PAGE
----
from two to four and added directional signage. They also added a “beep-beep!” alert that sounds near the register when cars pull into those spots.

Inside the restaurant, the design team added a shelving unit in front of the register to hold completed orders for pickup.

Seating area at Roti’s Northbrook prototype

The seating area features natural wood finishes and a blue and gray color palette

Assembly Line 2.0

The revamped makeline, where employees assemble bowls, salads and pitas, features a number of changes, including new counter configurations, food holding and display.

To open food production to guests’ view, the team shortened the wall that previously hid the cookline, positioned off to the side at a 90° angle to the makeline. Now at 42-in.H with a glass shield, guests waiting in the (socially distant) line have a clear view of employees cutting and slicing the chicken, steak, salmon or lamb. The cookline includes a combi oven, griddle, fryer, conveyor oven and hot holding cabinet.

Next, the team shortened the height of the makeline to 34 inches (down from 38 inches) so guests could better view menu ingredients and to make it more ergonomic for employees. They also made pans holding salad ingredients sit flush with the counter instead of at an angle. “In existing stores, the pans were angled toward the guest to better display the food,” Seamonds says. “But the tilt made it harder for some of our shorter associates to reach.”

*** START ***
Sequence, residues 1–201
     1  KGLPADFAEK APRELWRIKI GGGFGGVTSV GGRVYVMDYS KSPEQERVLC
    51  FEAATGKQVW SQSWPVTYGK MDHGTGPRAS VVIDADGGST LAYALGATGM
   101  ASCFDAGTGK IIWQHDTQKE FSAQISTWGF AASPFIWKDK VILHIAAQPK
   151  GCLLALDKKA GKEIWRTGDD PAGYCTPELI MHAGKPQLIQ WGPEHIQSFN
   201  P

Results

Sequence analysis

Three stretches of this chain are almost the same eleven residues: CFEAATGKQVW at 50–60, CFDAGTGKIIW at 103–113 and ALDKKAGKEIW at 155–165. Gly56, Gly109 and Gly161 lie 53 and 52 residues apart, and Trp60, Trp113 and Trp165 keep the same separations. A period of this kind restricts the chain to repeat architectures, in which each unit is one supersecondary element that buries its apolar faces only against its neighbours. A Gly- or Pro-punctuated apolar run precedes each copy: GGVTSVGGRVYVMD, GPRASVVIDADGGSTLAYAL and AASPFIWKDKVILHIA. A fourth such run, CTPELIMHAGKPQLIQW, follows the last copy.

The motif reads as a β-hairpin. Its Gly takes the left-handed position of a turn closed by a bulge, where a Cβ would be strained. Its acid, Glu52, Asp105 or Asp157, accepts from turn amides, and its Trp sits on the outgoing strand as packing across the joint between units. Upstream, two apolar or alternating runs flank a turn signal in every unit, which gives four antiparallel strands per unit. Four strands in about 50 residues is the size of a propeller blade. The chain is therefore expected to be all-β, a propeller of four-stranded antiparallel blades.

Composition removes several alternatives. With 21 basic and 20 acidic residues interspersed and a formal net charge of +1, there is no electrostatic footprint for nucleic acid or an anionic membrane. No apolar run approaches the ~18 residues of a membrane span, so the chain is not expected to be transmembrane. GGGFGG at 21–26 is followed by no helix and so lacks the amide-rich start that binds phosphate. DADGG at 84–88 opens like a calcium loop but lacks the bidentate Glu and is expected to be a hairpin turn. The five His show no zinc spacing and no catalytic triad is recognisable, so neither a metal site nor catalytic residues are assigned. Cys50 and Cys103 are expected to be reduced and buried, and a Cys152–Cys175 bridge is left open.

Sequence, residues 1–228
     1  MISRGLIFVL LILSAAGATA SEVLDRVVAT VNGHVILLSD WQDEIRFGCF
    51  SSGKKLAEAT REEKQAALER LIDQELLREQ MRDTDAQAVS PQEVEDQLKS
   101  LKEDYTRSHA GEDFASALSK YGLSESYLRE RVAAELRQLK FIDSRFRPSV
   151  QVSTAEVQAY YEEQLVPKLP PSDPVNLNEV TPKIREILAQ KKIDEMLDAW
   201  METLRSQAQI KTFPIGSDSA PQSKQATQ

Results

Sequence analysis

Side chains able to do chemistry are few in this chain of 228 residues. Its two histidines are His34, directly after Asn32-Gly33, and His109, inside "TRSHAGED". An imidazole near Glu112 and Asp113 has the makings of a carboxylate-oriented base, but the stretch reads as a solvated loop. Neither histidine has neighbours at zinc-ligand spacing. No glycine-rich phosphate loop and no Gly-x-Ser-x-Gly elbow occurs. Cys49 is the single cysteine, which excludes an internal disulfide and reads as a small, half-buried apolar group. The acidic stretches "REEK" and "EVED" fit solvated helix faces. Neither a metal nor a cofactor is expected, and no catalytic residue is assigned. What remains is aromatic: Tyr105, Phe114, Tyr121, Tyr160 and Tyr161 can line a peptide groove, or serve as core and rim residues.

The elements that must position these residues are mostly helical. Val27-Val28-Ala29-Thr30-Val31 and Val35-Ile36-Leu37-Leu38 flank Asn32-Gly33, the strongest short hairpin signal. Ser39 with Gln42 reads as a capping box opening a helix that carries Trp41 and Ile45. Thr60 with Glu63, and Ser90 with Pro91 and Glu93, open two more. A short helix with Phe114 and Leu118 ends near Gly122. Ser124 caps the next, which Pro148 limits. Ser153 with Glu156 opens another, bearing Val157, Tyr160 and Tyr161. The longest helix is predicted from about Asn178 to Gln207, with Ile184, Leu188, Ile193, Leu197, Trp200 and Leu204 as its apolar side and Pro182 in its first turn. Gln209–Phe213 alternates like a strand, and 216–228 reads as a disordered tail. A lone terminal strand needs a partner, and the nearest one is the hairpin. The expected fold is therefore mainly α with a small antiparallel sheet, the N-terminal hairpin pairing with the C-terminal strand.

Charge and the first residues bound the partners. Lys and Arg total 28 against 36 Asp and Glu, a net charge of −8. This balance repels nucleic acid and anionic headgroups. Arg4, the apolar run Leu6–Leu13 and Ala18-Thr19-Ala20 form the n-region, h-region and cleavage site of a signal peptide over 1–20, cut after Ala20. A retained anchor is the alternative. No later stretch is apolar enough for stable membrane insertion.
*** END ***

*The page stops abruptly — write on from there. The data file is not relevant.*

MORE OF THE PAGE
New layout of kitchen

To open food production to guests’ view, the team shortened the wall that previously hid the cookline to elbow-high with a food shield. Guests waiting in line have a clear view of food being made on the spot.

The prototype also boasts upgraded drop-in receptacles. Cold menu ingredients rest in enameled rectangular pans, taking the place of longer, deeper stainless pans. The smaller pans ensure a steady supply of fresh food because employees refill them more frequently. Additionally, salad greens have moved from a four-tier vertical cold display unit on the wall to the makeline. “This change allows associates to always face our guests, and saves a few steps as well,” Seamonds says.